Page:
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State v. O'Neill

December 20, 2007

STATE OF NEW JERSEY, PLAINTIFF-RESPONDENT,
v.
MICHAEL A. O'NEILL, DEFENDANT-APPELLANT.



On certification to the Superior Court, Appellate Division, whose opinion is reported at 388 N.J. Super. 135 (2006).

SYLLABUS BY THE COURT

(This syllabus is not part of the opinion of the Court. It has been prepared by the Office of the Clerk for the convenience of the reader. It has been neither reviewed nor approved by the Supreme Court. Please note that, in the interests of brevity, portions of any opinion may not have been summarized).

The issue before the Supreme Court is whether the "question-first, warn-later" interrogation procedure used by the police in this case violated Michael O'Neill's state law privilege against self-incrimination.

Luis Tenezaca, a Union City cab driver, was shot to death in his vehicle during the early morning hours of April 26, 2003. On April 28, 2003, Homicide Unit Detectives Luster and Bava, from the Hudson County Prosecutor's Office, arrived at the Harrison Police Department to question O'Neill, who had been arrested on a warrant that was unrelated to the Tenezaca homicide. Luster and Bava first questioned O'Neill through the bars of the department's holding cell. Without giving O'Neill his Miranda rights, they asked him questions concerning his activities between 11 p.m. on April 25 and 3 a.m. on April 26. Based on O'Neill's responses after twenty minutes of questioning, the detectives moved him from the holding cell to the patrol commander's office. There the interrogation continued -- without Miranda warnings having been given -- for an additional hour and fifteen minutes.

Once O'Neill had stated that he intended to lure a cab driver to a location where two others would rob him, the detectives administered Miranda warnings. O'Neill read a standard Miranda form listing his rights and signed the waiver provision. At that point, the detectives picked up where they left off with the interrogation. Approximately twenty-five minutes later, O'Neill gave a taped statement at the request of the detectives. He repeated many of the same details he had provided before being given the Miranda warnings. The taped questioning ended at 5:50 p.m.

After further questioning, the detectives took O'Neill to the Prosecutor's Office, where he was placed in a holding cell. Having obtained what appeared to be relevant evidence in the homicide relating to O'Neill's participation, the detectives confronted him with it. O'Neill then confessed. Moved to an interview room, O'Neill was questioned for an additional hour and a half before a second taped statement was taken. In the second statement, O'Neill provided additional information in an account that was at variance with his earlier statements.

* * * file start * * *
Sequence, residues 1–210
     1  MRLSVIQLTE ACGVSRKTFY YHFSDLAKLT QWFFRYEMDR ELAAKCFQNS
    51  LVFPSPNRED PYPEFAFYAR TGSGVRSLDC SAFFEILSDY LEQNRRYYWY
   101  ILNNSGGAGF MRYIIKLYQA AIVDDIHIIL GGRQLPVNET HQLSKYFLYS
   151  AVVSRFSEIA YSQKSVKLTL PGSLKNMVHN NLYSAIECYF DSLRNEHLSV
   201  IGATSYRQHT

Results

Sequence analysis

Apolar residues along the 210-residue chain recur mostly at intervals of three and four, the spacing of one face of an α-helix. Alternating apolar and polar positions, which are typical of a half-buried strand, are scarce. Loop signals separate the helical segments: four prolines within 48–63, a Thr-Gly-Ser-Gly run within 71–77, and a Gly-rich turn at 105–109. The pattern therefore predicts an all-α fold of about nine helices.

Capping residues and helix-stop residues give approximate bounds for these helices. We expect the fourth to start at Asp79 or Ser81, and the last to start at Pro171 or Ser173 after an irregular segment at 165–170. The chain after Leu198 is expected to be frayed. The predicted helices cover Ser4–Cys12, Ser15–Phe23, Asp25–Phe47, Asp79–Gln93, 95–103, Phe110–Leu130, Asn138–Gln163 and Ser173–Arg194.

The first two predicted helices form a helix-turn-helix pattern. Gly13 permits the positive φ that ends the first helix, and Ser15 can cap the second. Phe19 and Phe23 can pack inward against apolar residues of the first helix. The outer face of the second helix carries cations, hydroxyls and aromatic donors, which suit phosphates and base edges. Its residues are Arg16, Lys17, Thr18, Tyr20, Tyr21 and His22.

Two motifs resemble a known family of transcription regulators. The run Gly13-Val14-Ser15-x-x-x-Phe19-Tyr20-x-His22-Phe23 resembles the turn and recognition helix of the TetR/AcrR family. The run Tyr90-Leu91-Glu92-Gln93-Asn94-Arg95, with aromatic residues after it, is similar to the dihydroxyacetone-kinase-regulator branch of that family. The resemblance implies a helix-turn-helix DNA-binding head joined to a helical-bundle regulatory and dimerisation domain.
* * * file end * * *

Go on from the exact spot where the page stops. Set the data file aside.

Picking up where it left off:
Prior to trial, O'Neill moved to suppress his statements to the detectives. The trial court held that O'Neill had knowingly and voluntarily waived his Miranda rights and admitted the statements made after that waiver.

At trial, the State produced testimony and evidence connecting O'Neill to the Tenezaca killing. O'Neill testified in his own defense. His trial testimony, for the most part, was consistent with his second taped session and a letter that he had written to his then girlfriend. O'Neill claimed that his gun accidentally discharged when Tenezaca accelerated the cab to keep O'Neill from leaving without paying his fare.

The jury convicted O'Neill of felony murder, first-degree robbery, first-degree aggravated manslaughter, and weapons offenses. The trial court sentenced him to a thirty-year term without parole eligibility. On appeal, the Appellate Division affirmed O'Neill's convictions and sentence.

The Court granted Michael O'Neill's petition for certification.

HELD: As a matter of state law, when Miranda warnings are given after a custodial interrogation has already produced incriminating statements, the admissibility of post-warning statements will turn on whether the warnings functioned effectively in providing the defendant the ability to exercise his state law privilege against self-incrimination.

1. One of the most fundamental rights protected by both the Federal Constitution and state law is the right against self-incrimination. In Miranda, the United States Supreme Court decreed that a person who is subjected to police interrogation while in custody at the police station or otherwise deprived of his freedom of action in any significant way must be adequately and effectively apprised of his rights. The Court further held that after a person has been advised of his rights and been given an opportunity to exercise them, he then may knowingly and intelligently waive them and agree to answer questions or make a statement. The Miranda warnings play an important role in enhancing and safeguarding our state law privilege, and Miranda is a strong force in the development of our decisional law. (pp. 21-23)

2. Defendant was "in custody" for Miranda purposes. At the very least, he was a suspect in a potential gun charge and a person of interest in a murder investigation. (pp. 23-26)